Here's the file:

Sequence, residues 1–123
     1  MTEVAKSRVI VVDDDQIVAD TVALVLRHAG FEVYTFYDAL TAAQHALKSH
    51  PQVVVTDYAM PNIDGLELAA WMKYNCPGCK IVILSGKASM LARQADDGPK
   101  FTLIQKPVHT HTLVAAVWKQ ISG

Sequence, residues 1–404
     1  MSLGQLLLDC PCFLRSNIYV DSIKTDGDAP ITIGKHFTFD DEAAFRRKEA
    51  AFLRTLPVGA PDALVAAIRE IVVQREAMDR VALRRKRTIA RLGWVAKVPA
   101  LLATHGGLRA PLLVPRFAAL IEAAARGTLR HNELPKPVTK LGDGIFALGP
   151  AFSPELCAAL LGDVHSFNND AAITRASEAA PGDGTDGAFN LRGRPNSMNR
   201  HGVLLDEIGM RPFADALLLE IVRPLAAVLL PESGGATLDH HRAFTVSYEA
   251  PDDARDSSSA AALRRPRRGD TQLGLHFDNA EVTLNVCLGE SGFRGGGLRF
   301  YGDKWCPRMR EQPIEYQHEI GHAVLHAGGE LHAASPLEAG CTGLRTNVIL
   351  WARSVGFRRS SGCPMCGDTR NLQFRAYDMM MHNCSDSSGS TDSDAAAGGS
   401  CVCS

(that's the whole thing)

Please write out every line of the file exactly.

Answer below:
Sequence, residues 1–123
     1  MTEVAKSRVI VVDDDQIVAD TVALVLRHAG FEVYTFYDAL TAAQHALKSH
    51  PQVVVTDYAM PNIDGLELAA WMKYNCPGCK IVILSGKASM LARQADDGPK
   101  FTLIQKPVHT HTLVAAVWKQ ISG

Sequence, residues 1–404
     1  MSLGQLLLDC PCFLRSNIYV DSIKTDGDAP ITIGKHFTFD DEAAFRRKEA
    51  AFLRTLPVGA PDALVAAIRE IVVQREAMDR VALRRKRTIA RLGWVAKVPA
   101  LLATHGGLRA PLLVPRFAAL IEAAARGTLR HNELPKPVTK LGDGIFALGP
   151  AFSPELCAAL LGDVHSFNND AAITRASEAA PGDGTDGAFN LRGRPNSMNR
   201  HGVLLDEIGM RPFADALLLE IVRPLAAVLL PESGGATLDH HRAFTVSYEA
   251  PDDARDSSSA AALRRPRRGD TQLGLHFDNA EVTLNVCLGE SGFRGGGLRF
   301  YGDKWCPRMR EQPIEYQHEI GHAVLHAGGE LHAASPLEAG CTGLRTNVIL
   351  WARSVGFRRS SGCPMCGDTR NLQFRAYDMM MHNCSDSSGS TDSDAAAGGS
   401  CVCS